Citizens of New York City readied to protect their dead in 1842 when the Hudson Insurance Company threatened to remove a cemetery near the corner of Chrystie and Delancey streets in the Lower East Side and convert the property into house lots. Thousands signed a petition that was forwarded to the state legislature, asking for a prohibition of the digging up of the dead. A large group of women watched the cemetery day and night—one lady, armed with a pistol, guarded the grave of her husband and children. And when the company’s agent arrived at the burial ground with workmen carrying shovels and spades, “it was the Ladies,” the New York Herald reports, “who over-powered and over-awed this wonderful agent with his men of war, and made them quit the battlefield.”
The scene of this excitement was the burial ground belonging to Bethel Baptist Church. The second oldest Baptist congregation in the city, Bethel Baptist organized in the year 1770 and had its first house of worship on Rose Street in downtown Manhattan. By the early 1800s the congregation had grown to more than 400 members and in 1819 their pastor, Rev. Johnson Chase, purchased eight lots of ground at the corner of Chrystie and Delancey streets for a new church, parsonage, and burying ground. They erected a 65×85-foot brick church on the lots along Delancey Street and used the four lots adjoining the building for the graveyard.
A circular prepared in 1844 by friends and relatives of those interred in the cemetery provides a description of the site: “The said four lots, constituting the Bethel Baptist Burying Ground, contain a square of one hundred feet of ground, fronting on Christie st. In this ground, the remains of about 5,000 human beings are supposed to have been interred since said purchase. On an average the coffins are understood and believed to be at least five deep. The lowest tier of coffins are about fourteen feet below the surface. The surface of the grave yard is now five or six feet above what it originally was, having been filled up with coffins, graves, etc.”
Beset by difficulties (including claims that church trustees used the cemetery as a money-making enterprise, selling the same plots over and over), Bethel Baptist disbanded in 1840 and sold their property. Thwarted in their attempts to remove the burial ground, Hudson Insurance Company suspended their plans for the site. The abandoned cemetery became an enclosure for hogs that tore up the ground and uprooted headstones. The city took over the property in 1856 and built a public school at the site. In the 1930s, the school was demolished and the site became part of Sara Delano Roosevelt Park.
Although remains from the burial ground may have been removed before the site was redeveloped for a public school and later a public park, it seems likely the cemetery was simply built over since evidence of burials has been discovered over the years. In 1891, workmen excavating beneath the basement of the public school unearthed a large quantity of human remains under the northwest corner of the building—including 25 skulls and “a miscellaneous assortment of bones of arms, legs, and thighs.”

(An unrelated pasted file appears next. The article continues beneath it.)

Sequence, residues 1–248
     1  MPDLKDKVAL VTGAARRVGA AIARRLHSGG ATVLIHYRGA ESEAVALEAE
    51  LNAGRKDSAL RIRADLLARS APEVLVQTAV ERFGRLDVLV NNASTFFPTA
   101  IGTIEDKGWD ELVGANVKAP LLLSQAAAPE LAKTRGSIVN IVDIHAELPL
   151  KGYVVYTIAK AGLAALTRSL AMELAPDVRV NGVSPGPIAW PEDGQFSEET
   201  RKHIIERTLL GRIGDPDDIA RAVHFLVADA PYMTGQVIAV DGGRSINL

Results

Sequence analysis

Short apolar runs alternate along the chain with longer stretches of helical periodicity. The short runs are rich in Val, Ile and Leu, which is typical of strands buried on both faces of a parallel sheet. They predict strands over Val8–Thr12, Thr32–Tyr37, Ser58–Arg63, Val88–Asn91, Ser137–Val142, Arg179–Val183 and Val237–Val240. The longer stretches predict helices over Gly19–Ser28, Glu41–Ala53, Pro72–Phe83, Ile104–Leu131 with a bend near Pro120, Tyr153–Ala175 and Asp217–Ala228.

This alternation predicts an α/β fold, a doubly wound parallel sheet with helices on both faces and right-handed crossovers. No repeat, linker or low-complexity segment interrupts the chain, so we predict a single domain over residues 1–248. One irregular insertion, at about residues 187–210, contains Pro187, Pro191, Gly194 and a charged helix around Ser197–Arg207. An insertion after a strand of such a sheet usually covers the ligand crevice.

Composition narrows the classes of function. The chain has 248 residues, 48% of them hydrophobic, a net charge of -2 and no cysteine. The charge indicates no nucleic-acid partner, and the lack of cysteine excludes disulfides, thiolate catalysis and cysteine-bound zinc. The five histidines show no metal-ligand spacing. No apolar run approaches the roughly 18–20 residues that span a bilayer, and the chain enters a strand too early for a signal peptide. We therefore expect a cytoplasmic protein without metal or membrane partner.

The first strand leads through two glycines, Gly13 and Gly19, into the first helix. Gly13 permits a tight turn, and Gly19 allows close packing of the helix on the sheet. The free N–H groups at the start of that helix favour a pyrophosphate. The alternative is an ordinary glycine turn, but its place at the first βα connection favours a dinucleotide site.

In 1964, decades after the site had been incorporated into the park, construction workers digging for foundation piles for a new senior recreation center were astounded when bones of what appeared to be at least 200 individuals were uncovered. Several engraved silver coffin plates were also found. The plates bore the names of Elizabeth Morrell and Emma Buchler, who died in 1821, and Martha Darby, who died in 1823. The foundation walls of the former school were visible in the excavation where the skeletons were found and had apparently been sunk down through burial vaults in the old cemetery. Following the 1964 discovery, the senior center was built and still stands at the site today. The disposition of human remains encountered during construction at the site is unknown.
Sources: City of New-York (Burr 1832); Robinson’s 1893 Atlas of the City of New York 4:13; A History of the Churches of All Denominations in the City of New York from the First Settlement to the Year 1846 (Greenleaf 1846); “Board of Aldermen,” New York Daily Express, Nov 30, 1841, “Corporation Notice,” Evening Post, Feb 9, 1842, “Protect Your Dead,” New York Tribune, Feb 23, 1842; “Protect the Dead,” New York Tribune, Feb 26, 1842; “Bethel Baptist Burying Ground,” New York Tribune, Mar 22, 1842; “Disturbing the Dead,” New York Herald, Mar 31, 1842; “Legislature of New York,” Spectator, Apr 2, 1842; “Digging Up the Dead,” New York Herald, Apr 13, 1842; “Removal of the Dead,” New York Herald, Apr 4, 1844; [Letter to Editor], New York Herald, Apr 5, 1844; “Protect the Dead in Their Graves,” New York Express, May 27, 1844; “Little Better Than Footballs,” New York Herald, Jul 19, 1891; “Bones Under a Schoolhouse,” New York Times, Jul 19, 1891; “Lower East Side Diggers Find Graves on a Construction Site,” New York Times, Dec 18, 1964